By Mike Kuchar
Now that we are all in-season, X&O Labs wanted to provide you with some quick answers to protect the top runs in your offensive menu. So, for the entire month of August we are rolling out our series on troubleshooting the run game. This week’s focus is on tight zone run schemes where we will present research on how offensive line coaches are solving the most common problems that impede tight zone runs including: blocking play side 2i or “heads” techniques, handling the backside B-gap combination block and building in alternatives to cut the C gap in split zone runs.
Problem 1: Blocking Play Side 2i Techniques
Solution: Changing Targets from Inside V to Outside Armpit Aiming Points
Source: Sanders Davis, offensive line coach, Rice University (TX)
Like most conferences, the defenses in Conference USA have gone to using 2i technique defenders to hang on doubles at the point of attack. Running the scheme to the 2i has become a preferred choice for the staff at Rice because if you get that defender moved, you’re going to get as much guaranteed yardage as possible. The ball carrier just presses the combination and cuts it behind it. “We try to dent anything we can on the front side,” he told me. “It’s a vertical mindset. That happens vs. a 2i.”
One of the things that has helped Coach Davis teach those Centers is to teach him to “cross the T” of the play side shade, which means work to get to his outside armpit. It’s a different aiming point than the inside “V” taught for everyone else. The reason is, it helps the play side Guard to rock back on him and get the play dented. “We can’t inside target it because we get no stretch on him,” Coach Davis told me. “If you get your hat across, threatening his leverage and get him going sideways so now we deliver the down lineman to the rock back. Often times it’s a nasty hit.”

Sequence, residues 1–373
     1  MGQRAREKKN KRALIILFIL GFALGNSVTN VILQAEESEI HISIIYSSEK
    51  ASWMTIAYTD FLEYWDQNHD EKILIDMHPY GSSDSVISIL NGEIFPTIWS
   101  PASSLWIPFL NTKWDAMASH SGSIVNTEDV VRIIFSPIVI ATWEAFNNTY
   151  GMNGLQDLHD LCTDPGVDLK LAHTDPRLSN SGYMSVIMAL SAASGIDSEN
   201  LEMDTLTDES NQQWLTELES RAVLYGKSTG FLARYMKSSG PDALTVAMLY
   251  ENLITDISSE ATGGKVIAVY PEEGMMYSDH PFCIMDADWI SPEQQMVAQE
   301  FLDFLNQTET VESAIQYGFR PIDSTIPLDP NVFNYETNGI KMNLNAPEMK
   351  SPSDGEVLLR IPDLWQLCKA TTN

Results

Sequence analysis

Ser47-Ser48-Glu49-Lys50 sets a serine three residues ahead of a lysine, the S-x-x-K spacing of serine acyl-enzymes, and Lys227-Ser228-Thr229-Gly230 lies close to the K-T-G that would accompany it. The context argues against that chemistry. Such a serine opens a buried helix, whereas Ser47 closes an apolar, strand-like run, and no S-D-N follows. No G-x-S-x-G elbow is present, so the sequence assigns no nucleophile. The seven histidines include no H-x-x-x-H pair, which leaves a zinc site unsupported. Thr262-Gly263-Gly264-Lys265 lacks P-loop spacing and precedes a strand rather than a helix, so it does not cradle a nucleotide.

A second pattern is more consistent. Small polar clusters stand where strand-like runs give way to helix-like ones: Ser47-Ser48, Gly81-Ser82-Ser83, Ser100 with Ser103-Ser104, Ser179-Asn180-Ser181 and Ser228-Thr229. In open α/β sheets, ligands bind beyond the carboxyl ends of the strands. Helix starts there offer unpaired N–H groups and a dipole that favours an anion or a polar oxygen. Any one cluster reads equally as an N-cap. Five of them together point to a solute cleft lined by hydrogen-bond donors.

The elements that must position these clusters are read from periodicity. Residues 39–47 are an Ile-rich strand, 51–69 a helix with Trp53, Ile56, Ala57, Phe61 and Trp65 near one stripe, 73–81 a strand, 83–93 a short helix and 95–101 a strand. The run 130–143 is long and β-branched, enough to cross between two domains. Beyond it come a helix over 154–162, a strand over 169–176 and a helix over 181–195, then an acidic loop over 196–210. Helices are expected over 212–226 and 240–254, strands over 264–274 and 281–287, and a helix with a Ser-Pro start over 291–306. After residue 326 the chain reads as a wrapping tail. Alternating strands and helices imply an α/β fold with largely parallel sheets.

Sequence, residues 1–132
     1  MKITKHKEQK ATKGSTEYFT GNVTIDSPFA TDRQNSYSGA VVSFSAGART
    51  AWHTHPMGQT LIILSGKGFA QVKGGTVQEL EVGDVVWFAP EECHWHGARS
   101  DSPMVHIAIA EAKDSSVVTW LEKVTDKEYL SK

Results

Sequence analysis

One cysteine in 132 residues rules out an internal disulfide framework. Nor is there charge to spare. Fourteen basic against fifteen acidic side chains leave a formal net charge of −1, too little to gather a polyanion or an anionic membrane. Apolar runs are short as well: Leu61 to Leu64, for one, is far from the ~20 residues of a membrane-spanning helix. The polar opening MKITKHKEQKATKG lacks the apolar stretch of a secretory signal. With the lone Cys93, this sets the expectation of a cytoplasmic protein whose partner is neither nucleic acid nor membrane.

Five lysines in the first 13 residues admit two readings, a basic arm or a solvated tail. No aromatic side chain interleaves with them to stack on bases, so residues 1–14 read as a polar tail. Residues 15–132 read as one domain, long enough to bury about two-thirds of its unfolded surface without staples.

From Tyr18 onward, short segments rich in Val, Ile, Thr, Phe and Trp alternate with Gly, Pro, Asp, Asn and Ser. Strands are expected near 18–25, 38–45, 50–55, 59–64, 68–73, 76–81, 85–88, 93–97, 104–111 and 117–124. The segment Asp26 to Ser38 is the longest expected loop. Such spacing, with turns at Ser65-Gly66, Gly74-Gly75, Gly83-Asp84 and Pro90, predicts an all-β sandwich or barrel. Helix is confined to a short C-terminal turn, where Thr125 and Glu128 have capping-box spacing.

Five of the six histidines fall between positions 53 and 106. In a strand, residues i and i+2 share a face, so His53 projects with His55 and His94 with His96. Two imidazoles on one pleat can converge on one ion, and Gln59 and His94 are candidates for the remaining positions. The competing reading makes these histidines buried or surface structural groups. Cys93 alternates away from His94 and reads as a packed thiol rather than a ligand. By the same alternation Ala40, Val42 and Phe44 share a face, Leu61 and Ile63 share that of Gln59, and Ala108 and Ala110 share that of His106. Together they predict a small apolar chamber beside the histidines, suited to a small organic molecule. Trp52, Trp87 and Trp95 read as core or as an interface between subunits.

The Center is in a “trace” scenario working to execute a quick square drag technique to get hip to hip with play side Guard. It’s a vertical double until the second-level defender declares. The Guard is in a lead scenario with near leg and near shoulder contact. Against any lag technique by the 2i, he’ll get knocked back into the Center.
Problem 2: No Movement on Backside B Gap Combinations
Solution: Building in B-Gap Divides (Wham) Concepts
Source: Brian Gabriel, offensive line coach, Monmouth University (NJ)
But the increasing popularity of the Bear front has placed a great deal of pressure on the backside B gap combination block in tight zone runs. Often times, the backside Guard cannot find his way to backside linebacker because of a heavy 3-technique that can squeeze the combination block.
And the Bear front is a prevalent early down defense for good reasons- it draws double teams off zone and gap concepts in the run game and becomes nearly impossible to create movement along the run box. So, in order for offenses to get traction in the run game it becomes vital to split the front at the seams. And perhaps the best way to do so is by using some form of A gap divide principle, or better known as the “Wham” concept. While Monmouth University calls it “Able,” it has been a productive add for the Hawks this season, tallying a 7.6 yards per play efficiency.
The concept is built off tight zone by dividing the backside B gap or A-gap defender, rather than the C-gap defender most common in divide zone schemes. “We feel like we needed another way to divide the defense, rather than having the backside Tackle/Guard cut off the B gap,” said run game coordinator Brian Gabriel. “So, we divide at the 3-technique rather than the 5-technique. Some of the A gap divide worked us as well. We wanted to change the divide point from split flow zone and change who we’re cutting off, particularly against blocks we’re having trouble with.”
Like most inside zone teams, Monmouth University uses three different concepts in its base A gap zone installation and has the ability to insert the tight end on the front side or on the backside of the concept based on the tag. Often times, it becomes a check at the line of scrimmage.
Below are three tags Monmouth uses off its tight zone scheme. In each of these concepts, the backside is locking or “fanning” away.
“Easy”: This is a C gap divide concept. Tight end would come across the ball and kick out C gap defender. This is the most common form of divide zone.
“Nasty”: This is a B gap divide concept where the Guard takes his best release to the minus linebacker and the tight end will block the 3-technique defender. “This became a bear check for us,” said Coach Gabriel. “We prefer it to the 3-technique because that is the best release for the Guard. Good against Bear and Under fronts with 4i techniques”